Charlie Brown always thinks he's going to kick the ball, but Charlie Brown always ends up falling on his back. He's never really out of the game, and he's always keen to try again—but each time he falls.

I was reminded of poor Chuck when I read the Conference Board of Canada's recent brief on the state of unions in Canada. If you take a look at the graph of union coverage, you feel almost as bad for unions as you do for Charlie Brown, lying on his back looking up at the sky.

Canadian unions are always up for another try. However, like Charlie Brown, there is a sense of predetermination, of inevitability in each try.

The Conference Board's report suggests that in order to grow itself, "the labour movement must find a way to make strides in organizing some industries that have traditionally remained elusive—such as the services, agriculture, and financial sectors." This is an important point, of course, but it ignores two others.

First, even in traditionally organized sectors—construction, for instance—union density rates remain extremely low. Why concentrate on "new markets" when market share in traditional unionized fields remains so small?

Second, while growth can always be found in "new markets," the Board report seems to downplay the notion that some markets are not particularly suited to unions. Of course, the report suggests that this is precisely the point. Unions will need to change to enter those markets. As the report notes, "unions will need to be creative in growing their membership base to secure their social and political power but also their financial future." But what if the premise of success—that is, the "security of social and political power, but also their financial future"—is itself the problem?

I was reminded of this as I read Ross Douthat's recent column on the state of the working class in the U.S. Douthat suggests that "we've gained a world where steady work is less necessary to human survival than ever before." Where, despite low workforce participation, the US doesn't have abject poverty, nor is it in danger of going broke from some of the programs which enable some to not work and yet "by historical standards [live] lives [that] are more comfortable" than many others in this world.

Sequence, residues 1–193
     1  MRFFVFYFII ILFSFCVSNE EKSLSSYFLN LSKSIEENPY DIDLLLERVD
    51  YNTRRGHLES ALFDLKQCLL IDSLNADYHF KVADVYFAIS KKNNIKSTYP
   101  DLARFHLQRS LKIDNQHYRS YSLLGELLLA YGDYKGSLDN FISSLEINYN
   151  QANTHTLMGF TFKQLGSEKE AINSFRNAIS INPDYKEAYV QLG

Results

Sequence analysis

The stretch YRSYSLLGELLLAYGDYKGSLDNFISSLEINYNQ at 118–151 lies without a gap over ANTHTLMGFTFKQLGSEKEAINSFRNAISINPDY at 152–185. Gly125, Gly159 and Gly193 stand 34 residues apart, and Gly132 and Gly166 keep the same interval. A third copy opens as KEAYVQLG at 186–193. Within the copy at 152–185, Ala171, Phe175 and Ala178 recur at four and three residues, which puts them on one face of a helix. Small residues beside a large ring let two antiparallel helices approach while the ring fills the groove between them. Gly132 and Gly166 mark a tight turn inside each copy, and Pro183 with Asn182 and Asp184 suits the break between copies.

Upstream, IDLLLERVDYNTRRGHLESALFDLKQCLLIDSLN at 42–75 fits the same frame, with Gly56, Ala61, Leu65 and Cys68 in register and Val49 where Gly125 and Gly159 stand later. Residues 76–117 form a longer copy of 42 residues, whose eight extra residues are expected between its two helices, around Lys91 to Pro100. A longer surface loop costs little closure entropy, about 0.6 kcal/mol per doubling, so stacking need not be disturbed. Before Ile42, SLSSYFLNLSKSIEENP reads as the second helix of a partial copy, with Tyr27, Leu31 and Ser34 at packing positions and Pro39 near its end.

Douthat ends his piece not by celebrating this but by noting that while thriving without work is technically feasible, "human flourishing is another matter. And it's our fulfillment, rather than the satisfaction of our appetites, that's threatened by the slow decline of work."

I wonder if we might apply the same rubric to unions and map that against their decline and failure to expand their membership in existing or new markets. Might a union movement which seeks social, political, and financial power, rather than seeking human flourishing and fulfilment in work, be dead before it even begins? Perhaps what is needed is less talk about how to expand or maintain power, but a re-evaluation of why we work and why it's good for us, and how unions might best serve those ends.

There are four issues in particular that unions would do well to institutionalize as part of their work. I'll take these up in a later blog:

  1. The recognition of merit and recognition as integral to human work, even work within a collective setting. And, related to this,
  2. The recognition of individuality.
  3. The recognition of the limits of politics as related to workplaces and,   
  4. The recovery of an older, different, conception of solidarity.

Perhaps, after mapping our answers to those questions against the current structures in the union movement, we might come up with some real suggestions for "creative growth."